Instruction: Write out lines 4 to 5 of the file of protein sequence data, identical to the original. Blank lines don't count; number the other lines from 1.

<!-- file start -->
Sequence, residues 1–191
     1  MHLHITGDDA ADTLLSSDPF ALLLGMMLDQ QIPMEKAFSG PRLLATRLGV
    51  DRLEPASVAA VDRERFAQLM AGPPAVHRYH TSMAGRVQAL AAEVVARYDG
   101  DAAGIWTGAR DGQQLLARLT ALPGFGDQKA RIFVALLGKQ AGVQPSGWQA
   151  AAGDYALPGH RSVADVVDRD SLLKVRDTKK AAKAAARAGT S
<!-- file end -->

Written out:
   101  DAAGIWTGAR DGQQLLARLT ALPGFGDQKA RIFVALLGKQ AGVQPSGWQA
   151  AAGDYALPGH RSVADVVDRD SLLKVRDTKK AAKAAARAGT S